Posted by JG2704 on (May 12, 2013, 16:16 GMT)

@Landl- Yeah , maybe I'm being a bit harsh on Finn and maybe I'm expecting too much from him due to the hype he seems to get , but having said that in NZ (which was his most recent test series) - Yes he took that 6 for but 4 of those wickets were of the tail and even with those figures his series stats weren't impressive. His pace seemed to be down and while often strike bowlers are not the most economical he prob looked the least threatening of our pacers. I know it's hard to judge on 1 performance but when Onions and Finn bowled together Onions took 4-88 and Finn 3-109. Re Bres , he had by and large a woeful 2012. Yes he may have been injured but then surely Eng selectors should be lambasted for playing a bowler whose form is affected by injury. It's not just a case of Eng bowling unit ripping through the opposition every time but in the last year or so our pacers have looked alot less penetrative

Posted by 64blip on (May 12, 2013, 15:38 GMT)

Where's the evidence they gave less than 100% in NZ? They didn't beat little NZ, QED? They were drained, physically and emotionally, or in Onion's and Bairstow's case had played no cricket for months. Everyone made them overwhelming favourites so they were on a hiding to nothing and NZ played well on home turf. I think they gave 100% of what they had to give and to look back on the winter and focus on what went wrong, rather than what went right is self defeating and poor management. FWIW I think England will tonk NZ in this series (weather permitting) but it will have nothing to do with having "learnt lessons" and everything to do with feeling fresh and reinvigorated and playing at home.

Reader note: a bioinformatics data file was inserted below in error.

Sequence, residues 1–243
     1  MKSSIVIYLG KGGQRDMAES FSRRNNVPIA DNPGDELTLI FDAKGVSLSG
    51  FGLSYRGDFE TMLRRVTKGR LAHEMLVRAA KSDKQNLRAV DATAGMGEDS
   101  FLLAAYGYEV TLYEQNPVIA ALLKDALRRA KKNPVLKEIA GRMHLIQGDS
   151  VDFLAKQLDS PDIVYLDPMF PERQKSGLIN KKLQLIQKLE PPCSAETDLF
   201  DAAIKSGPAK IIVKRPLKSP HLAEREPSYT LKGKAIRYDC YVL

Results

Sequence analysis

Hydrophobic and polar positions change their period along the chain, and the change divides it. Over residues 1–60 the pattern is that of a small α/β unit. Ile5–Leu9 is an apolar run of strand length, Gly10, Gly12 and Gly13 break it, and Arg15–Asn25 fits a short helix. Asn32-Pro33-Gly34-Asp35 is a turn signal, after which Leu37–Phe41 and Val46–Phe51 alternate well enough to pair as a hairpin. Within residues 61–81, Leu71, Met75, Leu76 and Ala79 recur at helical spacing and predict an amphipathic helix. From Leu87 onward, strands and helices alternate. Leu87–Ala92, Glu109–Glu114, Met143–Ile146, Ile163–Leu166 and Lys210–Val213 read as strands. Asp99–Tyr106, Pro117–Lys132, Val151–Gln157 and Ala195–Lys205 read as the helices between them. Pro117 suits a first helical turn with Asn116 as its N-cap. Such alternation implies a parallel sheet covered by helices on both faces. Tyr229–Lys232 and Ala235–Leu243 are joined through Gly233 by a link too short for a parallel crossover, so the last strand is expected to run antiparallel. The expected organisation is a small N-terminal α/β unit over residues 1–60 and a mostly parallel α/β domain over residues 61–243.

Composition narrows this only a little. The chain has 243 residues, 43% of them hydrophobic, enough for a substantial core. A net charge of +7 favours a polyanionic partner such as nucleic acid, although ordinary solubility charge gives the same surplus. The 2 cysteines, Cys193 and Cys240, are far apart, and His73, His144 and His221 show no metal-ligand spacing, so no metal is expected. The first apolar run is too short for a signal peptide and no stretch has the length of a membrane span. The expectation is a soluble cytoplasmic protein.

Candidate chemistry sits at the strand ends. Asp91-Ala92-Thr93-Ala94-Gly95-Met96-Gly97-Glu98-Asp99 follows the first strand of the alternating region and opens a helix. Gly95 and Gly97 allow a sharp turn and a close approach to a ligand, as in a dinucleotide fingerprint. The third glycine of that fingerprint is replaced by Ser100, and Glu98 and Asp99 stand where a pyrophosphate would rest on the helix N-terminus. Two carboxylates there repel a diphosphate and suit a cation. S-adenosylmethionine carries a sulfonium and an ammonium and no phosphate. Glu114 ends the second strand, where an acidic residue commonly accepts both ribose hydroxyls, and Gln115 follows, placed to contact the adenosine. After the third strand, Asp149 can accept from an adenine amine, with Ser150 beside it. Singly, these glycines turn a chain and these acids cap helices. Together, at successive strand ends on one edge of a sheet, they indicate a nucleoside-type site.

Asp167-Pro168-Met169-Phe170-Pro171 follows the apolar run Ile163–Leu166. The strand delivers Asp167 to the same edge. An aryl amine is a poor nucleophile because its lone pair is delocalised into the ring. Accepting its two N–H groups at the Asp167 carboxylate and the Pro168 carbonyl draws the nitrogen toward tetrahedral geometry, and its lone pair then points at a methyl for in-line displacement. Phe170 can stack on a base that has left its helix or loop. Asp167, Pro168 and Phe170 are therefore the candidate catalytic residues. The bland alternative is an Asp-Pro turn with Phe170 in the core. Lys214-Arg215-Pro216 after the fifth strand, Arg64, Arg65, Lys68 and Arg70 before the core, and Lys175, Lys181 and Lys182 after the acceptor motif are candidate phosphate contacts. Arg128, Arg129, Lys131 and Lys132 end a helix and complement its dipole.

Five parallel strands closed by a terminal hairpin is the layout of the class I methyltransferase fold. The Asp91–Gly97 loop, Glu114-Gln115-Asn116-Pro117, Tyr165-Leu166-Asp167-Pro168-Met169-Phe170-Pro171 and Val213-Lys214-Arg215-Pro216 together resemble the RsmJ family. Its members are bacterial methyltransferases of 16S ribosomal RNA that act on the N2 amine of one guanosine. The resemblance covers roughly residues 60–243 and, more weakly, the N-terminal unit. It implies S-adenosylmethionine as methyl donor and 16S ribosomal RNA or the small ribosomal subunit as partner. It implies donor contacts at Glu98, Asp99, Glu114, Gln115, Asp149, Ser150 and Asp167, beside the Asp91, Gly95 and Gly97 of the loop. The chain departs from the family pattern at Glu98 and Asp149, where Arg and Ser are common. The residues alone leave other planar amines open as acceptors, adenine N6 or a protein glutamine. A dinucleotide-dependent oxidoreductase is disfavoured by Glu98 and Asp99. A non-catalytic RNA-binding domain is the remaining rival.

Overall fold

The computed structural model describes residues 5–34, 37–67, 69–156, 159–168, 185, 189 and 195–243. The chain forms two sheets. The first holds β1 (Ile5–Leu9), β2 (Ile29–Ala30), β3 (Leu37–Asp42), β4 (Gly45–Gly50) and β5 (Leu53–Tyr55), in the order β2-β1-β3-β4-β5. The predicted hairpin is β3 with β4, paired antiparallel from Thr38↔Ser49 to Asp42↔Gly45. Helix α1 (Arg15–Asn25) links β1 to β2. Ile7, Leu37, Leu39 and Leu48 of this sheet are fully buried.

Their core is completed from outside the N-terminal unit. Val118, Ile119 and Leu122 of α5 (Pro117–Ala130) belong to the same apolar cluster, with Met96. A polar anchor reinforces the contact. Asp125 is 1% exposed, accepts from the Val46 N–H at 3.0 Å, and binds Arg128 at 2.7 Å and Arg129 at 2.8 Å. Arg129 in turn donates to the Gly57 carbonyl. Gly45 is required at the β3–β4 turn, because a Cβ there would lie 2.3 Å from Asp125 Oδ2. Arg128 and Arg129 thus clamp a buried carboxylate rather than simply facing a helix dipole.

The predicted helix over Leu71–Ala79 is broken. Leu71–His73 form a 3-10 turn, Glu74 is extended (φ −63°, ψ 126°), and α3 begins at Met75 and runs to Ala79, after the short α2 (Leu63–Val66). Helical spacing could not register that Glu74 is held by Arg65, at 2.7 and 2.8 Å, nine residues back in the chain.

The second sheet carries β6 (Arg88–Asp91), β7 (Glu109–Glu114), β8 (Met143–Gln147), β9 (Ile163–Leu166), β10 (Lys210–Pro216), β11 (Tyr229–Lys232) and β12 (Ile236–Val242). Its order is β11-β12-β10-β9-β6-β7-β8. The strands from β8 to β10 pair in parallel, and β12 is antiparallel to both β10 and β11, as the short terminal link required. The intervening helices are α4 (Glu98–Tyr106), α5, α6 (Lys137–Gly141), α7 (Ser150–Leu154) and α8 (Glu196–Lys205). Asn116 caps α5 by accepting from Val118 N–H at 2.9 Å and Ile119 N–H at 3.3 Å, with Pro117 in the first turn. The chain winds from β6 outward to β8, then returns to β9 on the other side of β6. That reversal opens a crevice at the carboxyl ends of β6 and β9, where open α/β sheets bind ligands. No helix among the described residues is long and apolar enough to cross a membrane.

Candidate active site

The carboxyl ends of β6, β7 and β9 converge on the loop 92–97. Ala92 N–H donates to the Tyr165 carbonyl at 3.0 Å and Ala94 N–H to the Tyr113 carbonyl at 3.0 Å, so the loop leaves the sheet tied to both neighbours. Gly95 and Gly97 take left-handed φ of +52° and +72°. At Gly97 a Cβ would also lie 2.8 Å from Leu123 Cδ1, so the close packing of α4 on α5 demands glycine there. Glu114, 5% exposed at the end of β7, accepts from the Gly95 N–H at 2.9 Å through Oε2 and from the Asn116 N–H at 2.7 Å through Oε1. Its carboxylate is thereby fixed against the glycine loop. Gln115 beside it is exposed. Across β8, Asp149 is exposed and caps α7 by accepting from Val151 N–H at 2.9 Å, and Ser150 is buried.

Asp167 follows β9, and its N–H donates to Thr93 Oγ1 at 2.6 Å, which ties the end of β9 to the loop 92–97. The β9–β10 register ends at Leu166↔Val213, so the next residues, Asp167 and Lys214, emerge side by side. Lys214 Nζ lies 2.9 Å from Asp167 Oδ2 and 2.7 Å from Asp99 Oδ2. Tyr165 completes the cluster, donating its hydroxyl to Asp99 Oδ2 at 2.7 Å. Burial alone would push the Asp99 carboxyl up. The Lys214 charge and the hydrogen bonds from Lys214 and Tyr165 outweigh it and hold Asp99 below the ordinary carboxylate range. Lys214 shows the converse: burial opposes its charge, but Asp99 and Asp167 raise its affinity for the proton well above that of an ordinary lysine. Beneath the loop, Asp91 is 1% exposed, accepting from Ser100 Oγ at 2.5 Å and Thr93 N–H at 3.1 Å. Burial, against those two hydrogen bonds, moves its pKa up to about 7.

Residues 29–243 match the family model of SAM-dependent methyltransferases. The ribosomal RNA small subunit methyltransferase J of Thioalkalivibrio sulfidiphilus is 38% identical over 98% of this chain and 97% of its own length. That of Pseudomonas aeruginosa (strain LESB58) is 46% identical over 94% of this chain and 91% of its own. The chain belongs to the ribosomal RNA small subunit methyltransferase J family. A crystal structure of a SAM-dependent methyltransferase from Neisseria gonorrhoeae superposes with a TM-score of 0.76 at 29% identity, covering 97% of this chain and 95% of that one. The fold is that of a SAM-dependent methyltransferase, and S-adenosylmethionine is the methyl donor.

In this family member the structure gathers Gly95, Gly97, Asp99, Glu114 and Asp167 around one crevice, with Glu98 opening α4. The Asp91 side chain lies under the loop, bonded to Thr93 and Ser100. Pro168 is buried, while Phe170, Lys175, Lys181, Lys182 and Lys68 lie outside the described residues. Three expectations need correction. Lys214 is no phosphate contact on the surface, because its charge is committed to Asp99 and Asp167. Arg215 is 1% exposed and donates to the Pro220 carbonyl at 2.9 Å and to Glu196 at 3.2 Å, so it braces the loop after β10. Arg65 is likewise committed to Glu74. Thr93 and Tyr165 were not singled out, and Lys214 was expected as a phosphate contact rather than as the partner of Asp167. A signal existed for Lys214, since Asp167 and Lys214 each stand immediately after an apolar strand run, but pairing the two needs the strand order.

Posted by   on (May 12, 2013, 15:02 GMT)

It's funny you know, a warning from the selectors to not be complacent! This has been the perpetual millstone around English cricket's neck. Win the odd game have a good series and you're the best! South Africa are streets ahead, India have revamped, New Zealand just proved their equal and Australia licking their lips in anticipation. Sad when you look at the state of English cricket without the use of rose coloured glasses

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Andrew McGlashanClose
Andrew McGlashan Assistant Editor Andrew arrived at ESPNcricinfo via Manchester and Cape Town, after finding the assistant editor at a weak moment as he watched England's batting collapse in the Newlands Test. Andrew began his cricket writing as a freelance covering Lancashire during 2004 when they were relegated in the County Championship. In fact, they were top of the table when he began reporting on them but things went dramatically downhill. He likes to let people know that he is a supporter of county cricket, a fact his colleagues will testify to and bemoan in equal quantities.